The prospect of gene editing in human primary cells has enabled the study of gene function in a context beyond immortalized cell lines and has driven the discovery of immune-based therapeutic applications. However, CRISPR-Cas9 gene editing is notoriously difficult in many primary human cell types. When applied to human myeloid cells, which play an important role in pathogen response, autoinflammatory disease, and cancer malignancy, gene editing has been particularly inefficient, until now.
The labs of Alex Marson, MD, PhD, and Nevan Krogan, PhD, which reside inside the Gladstone Institute of UCSF, developed a protocol using Horizon Discovery’s Edit-R™ synthetic guides to successfully edit genes inside monocytes, all the while preserving their functionality and differentiation capabilities. Using Cas9 ribonucleoprotein (RNP) complexes, the labs set out to optimize nucleofection conditions that balanced editing efficiency, cell morphology, and cell survival. Accomplishing this required generation of novel cell differentiation and culturing methods, along with fine-tuning instrumentation parameters.
The authors showcase that Horizon’s SAMHD1 synthetic guide RNA delivered as a Cas9-RNP complex in primary human CD14+ monocytes results in robust SAMHD1 gene knockout that persists in subsequently differentiated monocyte-derived macrophages (MDMs) or monocyte-derived dendritic cells (MDDCs). In addition, a dramatic ablation of SAMHD1-associated viral restriction factor function clearly demonstrates that this platform is suitable for functional and phenotypic assessment such as phagocytic ability and cell-type specific marker gene expression.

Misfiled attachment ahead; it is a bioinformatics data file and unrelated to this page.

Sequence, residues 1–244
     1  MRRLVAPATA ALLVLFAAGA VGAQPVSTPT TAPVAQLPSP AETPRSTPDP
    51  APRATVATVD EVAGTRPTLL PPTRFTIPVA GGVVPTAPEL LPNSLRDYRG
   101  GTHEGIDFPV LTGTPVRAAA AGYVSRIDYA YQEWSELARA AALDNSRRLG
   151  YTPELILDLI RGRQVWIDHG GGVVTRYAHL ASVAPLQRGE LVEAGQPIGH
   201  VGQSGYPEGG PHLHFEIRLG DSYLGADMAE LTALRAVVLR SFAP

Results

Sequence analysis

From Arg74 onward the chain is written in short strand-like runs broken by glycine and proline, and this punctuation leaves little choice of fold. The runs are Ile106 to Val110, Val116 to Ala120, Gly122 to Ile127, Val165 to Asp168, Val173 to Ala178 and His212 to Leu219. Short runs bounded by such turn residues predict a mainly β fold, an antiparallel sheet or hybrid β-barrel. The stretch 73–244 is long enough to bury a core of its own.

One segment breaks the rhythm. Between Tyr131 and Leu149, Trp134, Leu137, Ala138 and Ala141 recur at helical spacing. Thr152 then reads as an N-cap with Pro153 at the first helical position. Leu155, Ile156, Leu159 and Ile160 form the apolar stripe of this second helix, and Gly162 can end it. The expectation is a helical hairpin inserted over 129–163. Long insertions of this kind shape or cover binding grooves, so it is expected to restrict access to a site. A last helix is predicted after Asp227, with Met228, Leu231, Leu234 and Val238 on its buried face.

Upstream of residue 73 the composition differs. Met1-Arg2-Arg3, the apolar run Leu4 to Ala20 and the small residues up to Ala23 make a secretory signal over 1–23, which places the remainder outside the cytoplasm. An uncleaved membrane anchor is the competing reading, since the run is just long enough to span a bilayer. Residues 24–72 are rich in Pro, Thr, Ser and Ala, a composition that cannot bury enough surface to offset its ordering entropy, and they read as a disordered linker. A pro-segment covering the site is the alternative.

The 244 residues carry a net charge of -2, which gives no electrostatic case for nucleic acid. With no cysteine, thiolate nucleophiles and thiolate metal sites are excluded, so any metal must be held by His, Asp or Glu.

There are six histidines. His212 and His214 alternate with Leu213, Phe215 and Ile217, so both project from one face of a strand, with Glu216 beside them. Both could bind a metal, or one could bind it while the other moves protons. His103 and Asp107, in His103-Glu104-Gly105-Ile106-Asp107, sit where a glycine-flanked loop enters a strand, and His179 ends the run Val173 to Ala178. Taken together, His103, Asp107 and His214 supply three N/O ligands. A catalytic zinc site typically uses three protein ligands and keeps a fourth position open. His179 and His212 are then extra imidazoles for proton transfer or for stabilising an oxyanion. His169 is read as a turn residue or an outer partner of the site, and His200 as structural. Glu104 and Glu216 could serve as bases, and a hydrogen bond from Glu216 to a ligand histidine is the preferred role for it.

See a snapshot of the figures from the Cell Reports publication here:
This novel methodology is an important step enabling research in primary human monocytes, allowing for robust knockout and functional and phenotypic investigation. The ability to edit genes in these cells will open the door for new immunological and auto-immunological response treatments, and potentially accelerate the development of myeloid cell-based immune-oncology therapies.
Written by Ashleigh Keller
Ashleigh joined the R&D team as a Scientist I at Horizon Discovery in January 2020. Her work has contributed to the development and application of CRISPR gene editing tools, most notably the CRISPRmod portfolio of reagents that promote (CRISPRa) or repress (CRISPRi) target gene transcription. Ashleigh obtained her Bachelor of Science from Colorado State University and is currently working towards a Master’s degree in Microbiology and Biochemistry from the University of Florida.
Read the full publication in Cell Reports
Efficient generation of isogenic primary human myeloid cells using CRISPR-Cas9 ribonucleoprotiens Hiatt, J., et al. Cell Reports. 35:6 109105. https://doi.org/10.1016/j.celrep.2021.109105
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